I typically don’t gravitate to the top tourist attractions when I land at a destination – largely, it’s not the tourist attraction per se that attracts me to the place, but there may be something about it or the people from a place I’m interested in finding out more about.
You can’t go to Memphis Tennessee and not take in at least something connecting to Elvis Presley, especially if you love Rock-and-Roll and the blues. I of course, am a fan of both and have always loved Elvis songs. That said, I heard mixed things about Graceland so was somewhat hesitant about visiting, however I had to see it – after all, how did Priscilla decorate the house after all? I had to know and had to see, kitch 1960’s, 1970’s and all.
Truth be told, it was a bit like people described – the size of the place is daunting since Graceland has become much much more than the home Elvis once lived in. After parking in a large lot, you then have to hop a shuttle bus to the beginning of the guided tour, which walks you through the main house itself. Luckily it was off-season so while we were not alone, we had time to leisurely walk through and marvel at the colors, decor style and design of time and it was, as you can imagine, insatiably over-the-top. Below is one angle of the living room, one I found palatable.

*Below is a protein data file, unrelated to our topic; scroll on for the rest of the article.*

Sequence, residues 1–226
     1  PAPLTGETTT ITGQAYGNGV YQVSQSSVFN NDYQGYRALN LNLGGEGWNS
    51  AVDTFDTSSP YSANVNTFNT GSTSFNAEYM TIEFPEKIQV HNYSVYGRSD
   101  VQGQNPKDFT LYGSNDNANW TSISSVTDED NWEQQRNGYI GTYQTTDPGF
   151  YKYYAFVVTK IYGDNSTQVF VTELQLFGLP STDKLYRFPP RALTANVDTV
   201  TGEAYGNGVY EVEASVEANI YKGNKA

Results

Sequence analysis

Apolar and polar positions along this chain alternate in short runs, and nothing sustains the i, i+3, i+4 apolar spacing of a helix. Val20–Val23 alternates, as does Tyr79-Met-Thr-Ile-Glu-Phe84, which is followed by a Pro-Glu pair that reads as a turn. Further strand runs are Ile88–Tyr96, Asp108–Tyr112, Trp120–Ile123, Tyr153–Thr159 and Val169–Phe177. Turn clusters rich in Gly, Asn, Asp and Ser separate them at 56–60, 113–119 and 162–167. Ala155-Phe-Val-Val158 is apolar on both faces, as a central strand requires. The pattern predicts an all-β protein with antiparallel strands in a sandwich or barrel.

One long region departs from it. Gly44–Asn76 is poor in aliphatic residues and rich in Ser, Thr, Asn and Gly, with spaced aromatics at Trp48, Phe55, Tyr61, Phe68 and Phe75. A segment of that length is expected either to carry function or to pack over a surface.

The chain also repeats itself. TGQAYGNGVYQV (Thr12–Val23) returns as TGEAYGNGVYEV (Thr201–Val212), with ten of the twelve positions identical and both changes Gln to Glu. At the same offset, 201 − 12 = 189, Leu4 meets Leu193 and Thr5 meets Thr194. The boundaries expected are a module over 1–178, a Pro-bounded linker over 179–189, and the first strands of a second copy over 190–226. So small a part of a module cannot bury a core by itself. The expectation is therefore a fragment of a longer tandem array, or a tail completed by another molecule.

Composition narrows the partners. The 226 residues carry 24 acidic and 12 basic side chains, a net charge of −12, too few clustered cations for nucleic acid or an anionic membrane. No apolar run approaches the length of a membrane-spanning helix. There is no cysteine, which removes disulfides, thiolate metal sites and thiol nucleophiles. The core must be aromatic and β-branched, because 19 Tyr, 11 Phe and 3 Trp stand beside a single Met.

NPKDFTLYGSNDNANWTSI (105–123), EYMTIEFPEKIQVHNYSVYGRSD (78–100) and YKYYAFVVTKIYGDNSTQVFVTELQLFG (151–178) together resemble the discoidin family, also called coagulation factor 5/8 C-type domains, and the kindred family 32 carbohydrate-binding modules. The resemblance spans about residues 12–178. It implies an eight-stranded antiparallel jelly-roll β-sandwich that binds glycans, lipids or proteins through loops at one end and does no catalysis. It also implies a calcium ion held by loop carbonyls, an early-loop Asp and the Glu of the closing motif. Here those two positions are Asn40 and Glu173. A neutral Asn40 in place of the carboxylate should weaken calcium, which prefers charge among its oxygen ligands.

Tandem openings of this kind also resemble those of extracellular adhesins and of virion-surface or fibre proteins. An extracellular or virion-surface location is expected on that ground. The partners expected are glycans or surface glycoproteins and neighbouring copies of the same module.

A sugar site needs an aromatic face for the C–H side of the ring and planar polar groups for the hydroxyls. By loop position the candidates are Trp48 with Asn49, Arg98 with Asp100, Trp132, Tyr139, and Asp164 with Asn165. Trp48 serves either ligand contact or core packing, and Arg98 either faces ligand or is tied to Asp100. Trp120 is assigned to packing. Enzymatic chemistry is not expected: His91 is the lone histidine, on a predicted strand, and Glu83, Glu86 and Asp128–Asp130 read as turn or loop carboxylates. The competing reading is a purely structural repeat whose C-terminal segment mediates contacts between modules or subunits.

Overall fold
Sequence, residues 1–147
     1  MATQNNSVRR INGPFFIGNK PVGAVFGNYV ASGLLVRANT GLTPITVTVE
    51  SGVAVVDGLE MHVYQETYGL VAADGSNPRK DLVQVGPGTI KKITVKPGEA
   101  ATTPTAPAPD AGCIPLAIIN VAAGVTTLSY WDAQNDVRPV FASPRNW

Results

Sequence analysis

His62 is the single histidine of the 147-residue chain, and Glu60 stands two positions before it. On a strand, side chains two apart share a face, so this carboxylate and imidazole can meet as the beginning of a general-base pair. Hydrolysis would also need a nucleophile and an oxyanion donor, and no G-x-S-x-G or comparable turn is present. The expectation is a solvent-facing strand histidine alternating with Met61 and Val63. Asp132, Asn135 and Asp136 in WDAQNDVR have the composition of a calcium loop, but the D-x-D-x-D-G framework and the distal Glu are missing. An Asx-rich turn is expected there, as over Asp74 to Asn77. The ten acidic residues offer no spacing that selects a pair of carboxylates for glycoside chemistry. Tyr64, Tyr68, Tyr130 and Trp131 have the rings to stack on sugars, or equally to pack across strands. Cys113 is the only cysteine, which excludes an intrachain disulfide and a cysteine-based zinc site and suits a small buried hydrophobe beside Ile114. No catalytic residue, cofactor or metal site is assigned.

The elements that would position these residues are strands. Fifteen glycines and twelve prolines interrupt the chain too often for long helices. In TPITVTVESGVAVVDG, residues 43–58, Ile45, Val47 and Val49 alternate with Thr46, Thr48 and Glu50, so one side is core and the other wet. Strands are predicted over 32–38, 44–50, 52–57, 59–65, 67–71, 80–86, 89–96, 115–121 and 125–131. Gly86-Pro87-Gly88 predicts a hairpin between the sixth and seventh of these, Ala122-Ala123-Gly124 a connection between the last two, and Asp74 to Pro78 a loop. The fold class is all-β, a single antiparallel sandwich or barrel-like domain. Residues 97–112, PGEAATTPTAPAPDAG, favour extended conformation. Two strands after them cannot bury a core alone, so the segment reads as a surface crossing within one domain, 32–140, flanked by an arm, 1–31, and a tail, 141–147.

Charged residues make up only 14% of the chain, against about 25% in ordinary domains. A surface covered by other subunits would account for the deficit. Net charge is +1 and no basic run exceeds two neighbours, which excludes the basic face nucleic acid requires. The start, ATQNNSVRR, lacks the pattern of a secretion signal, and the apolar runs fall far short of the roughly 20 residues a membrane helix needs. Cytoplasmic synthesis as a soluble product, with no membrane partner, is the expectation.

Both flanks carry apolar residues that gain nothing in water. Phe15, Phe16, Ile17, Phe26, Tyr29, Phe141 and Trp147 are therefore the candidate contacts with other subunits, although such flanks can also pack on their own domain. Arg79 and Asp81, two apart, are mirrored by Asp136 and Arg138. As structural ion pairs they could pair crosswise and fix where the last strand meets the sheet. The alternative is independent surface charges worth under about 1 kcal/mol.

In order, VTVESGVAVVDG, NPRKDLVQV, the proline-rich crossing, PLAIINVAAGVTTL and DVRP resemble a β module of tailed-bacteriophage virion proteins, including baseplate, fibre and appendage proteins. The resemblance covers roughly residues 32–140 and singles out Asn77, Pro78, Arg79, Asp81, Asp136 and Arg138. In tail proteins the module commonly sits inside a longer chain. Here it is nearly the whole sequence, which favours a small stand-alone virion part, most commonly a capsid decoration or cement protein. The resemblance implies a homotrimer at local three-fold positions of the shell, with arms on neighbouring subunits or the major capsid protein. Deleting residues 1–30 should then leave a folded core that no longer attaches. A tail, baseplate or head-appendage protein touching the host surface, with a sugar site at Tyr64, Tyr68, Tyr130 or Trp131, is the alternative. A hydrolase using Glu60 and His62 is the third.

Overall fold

I also really liked the dining room — apparently Priscilla still visits from time-to-time and was told they dine here on occasion.
As you go through the estate, you begin to realize the grandness of it, as well as the fact that you’re walking through the most famous rock ‘n’ roll residence in the world. Some of the rooms are oh so very retro……and colorful. The room with the monkey and the yellow glittery pillows had me at hello.
This room was a little dizzying but I suppose incredibly chic at the time.
After going through several rooms, you step outside of the home, which doesn’t look particularly ostentatious at first glance.
But as you continue meandering through the property, you realize that the Graceland experience includes much much more than just his residence. Today, the Graceland experience takes you back in time to his mansion, the added Elvis’ Automobile Museum, the Live from Vegas Exhibit and Elvis’ Hawaii: Concerts, Movies and More Exhibit. How many of you remember his Hawaii phase?